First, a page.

When discussing IT security, people often use analogies from the physical world.It’s particularly common for people to take on a medieval flair, employing concepts like castle walls, armor, shields, and so on. While these descriptions may not always be perfect, it’s only natural to want to find physical realities to help illustrate or amplify the key points when discussing the very real, but also more ethereal concepts at play in our digital world.
Given that frame of reference, it’s interesting to look at the number of parallels between the security approaches required in the physical bank, and those that need to be employed in the realm of digital banking.
The Evolution of Layered Security
Layered security isn’t an approach that’s new. In fact it’s exactly what banks have been doing for decades.
As long as there have been banks, there have been bank robbers. Each new theft—or ideally every attempted theft—gave the bank’s security staff insights for establishing new or enhanced defenses. At the same time, when an initial attack is thwarted, would-be criminals keep trying and learning as well.
Consequently, over time, banks built up layered defenses, so when one defense was bypassed, another would remain in effect to safeguard assets. If criminals could devise a way to bypass an alarm triggered at windows, it was time to install motion detectors inside the building.
In the digital world, the same type of progression has been occurring. Cyber attackers have continued to evolve their approaches. This is especially true of the well-financed, well-organized criminal organizations and nation-states that are perpetrating cyber attacks against banks today.
Criminals went after sensitive transmissions, employing tactics like man-in-the middle attacks, so banks had to institute encryption to establish secure channels. When attackers went after user credentials to gain access to sensitive accounts, banks needed to establish multi-factor authentication. Once it was clear corporate databases were being hacked, banks employed encryption of the sensitive records in their databases.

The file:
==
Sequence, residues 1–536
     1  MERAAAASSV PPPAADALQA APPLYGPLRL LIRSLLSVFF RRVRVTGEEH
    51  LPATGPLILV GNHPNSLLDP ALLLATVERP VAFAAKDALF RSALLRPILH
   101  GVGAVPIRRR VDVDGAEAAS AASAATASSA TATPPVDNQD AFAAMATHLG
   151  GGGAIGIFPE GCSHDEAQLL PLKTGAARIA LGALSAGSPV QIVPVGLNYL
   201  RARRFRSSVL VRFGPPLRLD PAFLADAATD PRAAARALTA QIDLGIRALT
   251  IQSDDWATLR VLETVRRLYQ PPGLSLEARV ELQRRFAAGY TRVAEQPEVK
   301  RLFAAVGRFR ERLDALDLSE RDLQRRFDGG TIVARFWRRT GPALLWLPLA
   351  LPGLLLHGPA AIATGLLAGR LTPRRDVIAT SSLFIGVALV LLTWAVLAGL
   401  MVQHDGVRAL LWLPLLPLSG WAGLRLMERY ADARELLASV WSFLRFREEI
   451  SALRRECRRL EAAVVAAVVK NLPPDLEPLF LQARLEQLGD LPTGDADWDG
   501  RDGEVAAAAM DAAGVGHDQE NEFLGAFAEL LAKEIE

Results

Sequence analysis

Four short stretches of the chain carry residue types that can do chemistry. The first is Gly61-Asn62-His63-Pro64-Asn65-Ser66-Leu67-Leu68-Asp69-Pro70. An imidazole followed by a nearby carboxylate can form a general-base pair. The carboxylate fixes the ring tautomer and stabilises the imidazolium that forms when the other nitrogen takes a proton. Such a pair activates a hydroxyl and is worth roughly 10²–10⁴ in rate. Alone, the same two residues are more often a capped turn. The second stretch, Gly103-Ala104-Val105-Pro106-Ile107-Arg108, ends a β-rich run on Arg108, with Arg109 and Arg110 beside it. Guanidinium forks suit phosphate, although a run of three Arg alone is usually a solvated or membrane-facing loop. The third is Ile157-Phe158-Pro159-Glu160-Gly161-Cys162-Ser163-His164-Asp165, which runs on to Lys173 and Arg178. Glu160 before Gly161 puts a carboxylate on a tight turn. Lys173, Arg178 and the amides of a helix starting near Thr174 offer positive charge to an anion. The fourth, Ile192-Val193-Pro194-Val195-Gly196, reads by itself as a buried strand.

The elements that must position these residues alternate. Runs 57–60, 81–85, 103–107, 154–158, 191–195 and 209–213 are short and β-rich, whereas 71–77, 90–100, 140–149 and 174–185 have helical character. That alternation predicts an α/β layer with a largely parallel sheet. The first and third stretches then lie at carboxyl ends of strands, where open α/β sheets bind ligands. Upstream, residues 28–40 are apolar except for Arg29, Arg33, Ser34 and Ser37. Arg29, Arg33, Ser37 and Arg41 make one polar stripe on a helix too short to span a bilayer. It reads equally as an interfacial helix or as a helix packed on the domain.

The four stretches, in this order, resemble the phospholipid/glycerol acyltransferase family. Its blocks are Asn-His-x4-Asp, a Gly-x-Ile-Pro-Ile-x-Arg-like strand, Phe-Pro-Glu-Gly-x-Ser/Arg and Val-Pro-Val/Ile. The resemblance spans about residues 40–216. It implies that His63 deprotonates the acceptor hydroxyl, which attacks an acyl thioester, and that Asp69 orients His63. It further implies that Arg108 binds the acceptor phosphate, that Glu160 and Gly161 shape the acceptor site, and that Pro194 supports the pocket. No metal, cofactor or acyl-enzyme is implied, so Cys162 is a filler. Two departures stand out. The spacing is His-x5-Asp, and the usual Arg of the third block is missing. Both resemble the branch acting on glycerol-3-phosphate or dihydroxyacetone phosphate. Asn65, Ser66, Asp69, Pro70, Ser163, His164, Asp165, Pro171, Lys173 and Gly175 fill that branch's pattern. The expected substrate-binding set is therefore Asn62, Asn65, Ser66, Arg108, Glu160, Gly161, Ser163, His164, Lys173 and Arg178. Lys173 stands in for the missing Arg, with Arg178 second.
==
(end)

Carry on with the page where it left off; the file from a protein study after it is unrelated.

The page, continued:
The Physical Layers and Their Digital Equivalents
It’s interesting to consider the security layers within the physical bank, and their equivalents in the digital world:
- Where a guard may be hired to prohibit thefts at the bank branch, the digital equivalents are the controls that are put in place to establish the authenticity and integrity of user devices like smartphones, tablets, and laptops.
- In the branch, a customer will need to sign a new account application. In online banking transactions, digital signing is employed.
- In a branch, customers may need to provide a driver’s license or some other form of ID to establish their identity. In the digital world, mobile banking customers may be required to go through a multi-factor authentication process before making a withdrawal.
- In the physical bank, valuables are held in the vault. In the digital bank, encryption serves as the mechanism that safeguards the sensitive assets being held.
- Over the years, banks have established increasingly rigorous policies for audits and other processes to validate that the necessary safeguards have been implemented. In the digital sphere, security professionals leverage sound fraud management to track transactions, analyze trends, and identify and prevent fraudulent activities.
- Just as keys to vaults and other rooms have to be safeguarded at all times, so too must the cryptographic keys that the digital bank manages.
Which are the best security measures for banks?
The point is that no one tool or tactic will provide absolute, 100 percent fool-proof security. That was true in the physical bank and it is just as true in the digital bank. While the concept of layered security isn’t new, new security threats continue to arise, and so security requirements continue to evolve. If you’re interested in learning more about establishing strong, multi-layer security in your digital banking environments, be sure to visit Layers of Security: The New Imperative for Banks.